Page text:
MBF: Man's Best Friend (Movie Review)

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Plot Summary

Paul Landings retired from the military after a disability prevented his further service, so now he works at a dog shelter and takes in dogs who have no homes. However, his practices draw ire from locals, and several troublemakers set fire to his house with the dogs still in it. Affected by PTSD, Landings commits a crime in revenge for his dogs and finds himself embroiled in a lawsuit charged with local politics. Will he be able to be set free from the bondage both in his head and in his life?

Production Quality (2 points)

For the most part, the production of Man’s Best Friend is respectable, including good video, camera, and audio qualities. While the sets, locations, and props are mostly well-chosen, there is some inconsistent lighting in the indoor sets. However, the outside locations are better, and these issues overall improve as the film progresses. Elsewhere, the soundtrack is acceptable, and the editing is a bit odd at types although it is mostly fine. In the end, this is an above average production that could have been a little better due to the year it was made.

Plot and Storyline Quality (0 points)

The opening sequences of MBF are a bit of a drag for the viewer since they are drawn out and full of stock footage and vague voiceover that both isolates the audience and wastes valuable time. However, once it gets to the substantial parts of the plot, there are actually some good explorations of how warfare effects people after the military and how one’s life can be greatly altered by the service. Nonetheless, there are a number of problems in this narrative’s character department, beginning with the fact that most of the ‘bad’ characters are total strawmen who hate the main character for no particular reason, are unrealistically anti-military, and are generally annoying. At the same time, the military characters are painted in perfect lights as they create a very odd dichotomy that tries to force the viewer to choose between the importance of a paralyzed character’s life and the lives of dogs that died in a fire. There are either perfect victim characters (though it’s not clear how some of them are actually victims) or highly corrupt small town characters, which is likely realistic in many contexts but is too over the top for this situation. Moreover, the storyline provides both a realistic look at post-war trauma and a hard examination of corruption in small towns, but many audiences may find the premise to be a bit dark and without significant hope or redemption. Elsewhere, the judge seems unnecessarily biased toward the protagonist, and some of the characters attempt to nearly justify the paralysis-inducing crime that is on trial. Dialogue is inconsistently used for information dumps, and a lot of the characters feel unfinished as they tend to crowd each other out for screen time. Also, there is some inappropriate language throughout the plot, and the ending is a bit hard to follow. Overall, much like this creative team’s previous efforts at crafting complex suspense situations (Wild Faith), MBF tries to interest the viewer in legal intrigue mixed with military drama, but there are just too many issues with this concept to justify any points for this section.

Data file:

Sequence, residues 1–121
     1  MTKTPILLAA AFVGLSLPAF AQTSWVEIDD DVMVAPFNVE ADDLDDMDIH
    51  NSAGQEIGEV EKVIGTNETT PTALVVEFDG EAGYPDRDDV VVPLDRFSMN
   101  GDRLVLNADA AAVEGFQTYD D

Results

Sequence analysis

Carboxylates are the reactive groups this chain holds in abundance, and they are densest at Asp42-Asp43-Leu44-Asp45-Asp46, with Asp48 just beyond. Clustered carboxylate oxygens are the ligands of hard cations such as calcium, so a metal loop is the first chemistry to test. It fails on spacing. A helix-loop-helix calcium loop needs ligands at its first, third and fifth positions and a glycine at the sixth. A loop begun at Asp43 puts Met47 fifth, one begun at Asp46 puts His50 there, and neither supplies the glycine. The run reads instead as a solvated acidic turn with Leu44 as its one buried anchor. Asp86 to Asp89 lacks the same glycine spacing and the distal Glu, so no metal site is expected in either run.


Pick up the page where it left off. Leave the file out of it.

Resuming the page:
Acting Quality (2 points)

While many of the cast members of MBF tend to force their lines and their emotional deliveries in the beginning, the performances as a whole improve as the film progress. The most significantly positive aspect is the fact that DJ Perry posts an extremely memorable and groundbreaking performance as he becomes a character unlike any other he’s previously played and transforms himself for a very difficult role. This element is very impressive and is one of the main bright spots in this otherwise flawed project. Thus, this rounds out an overall above average acting effort that could have been slightly better.

Conclusion

Man’s Best Friend, like many of this creative team’s past projects, had a lot going for it, but it didn’t quite make it past the finish line. Perry, Hagedorn, Teaster, Hornus, and the rest had a lot of momentum following Wild Faith and The Christ Slayer, but MBF tends to blunt this success with its confusing messaging and dark focus. However, Perry’s breakout performance is a key bright spot that gives renewed hope for the future, so it will be interesting to see what this collective produces next.

Final Rating: 4 out of 10 points

Lost Heart (coming in 2020)

Shane Hagedorn and Melissa Anschutz in Lost Heart (2020)
Victoria Jackson in Lost Heart (2020)

Coming to select theaters and streaming services in 2020 from Collective Development Incorporated

Writer(s): DJ Perry

Director(s): Jesse Low

Producer(s): Melissa Anschutz, Debbie Thomey Bennett, David Gries Shane Hagedorn, Anthony Hornus, Rebecca Lawlor, Jesse Low, John Mashni
DJ Perry, Nathan K. Robertson, Dean Teaster

Starring: Melissa Anschutz, Shane Hagedorn, Victoria Jackson, DJ Perry, Josh Perry, Don Most, Christine Marie, Dean Teaster, Anthony Hornus, Melissa Anschutz, Lauren LaStrada, Michael Rene Walton, Abigail Mason, Greg Mason, Tonya Hawkins, David Gries

Plot summary: Hannah, a burnt out, mega-music star, returns to her small Northern Michigan hometown of Lost Heart, for her estranged father’s funeral. There she will confront the ghosts of her past and perhaps find her peace and balance once again.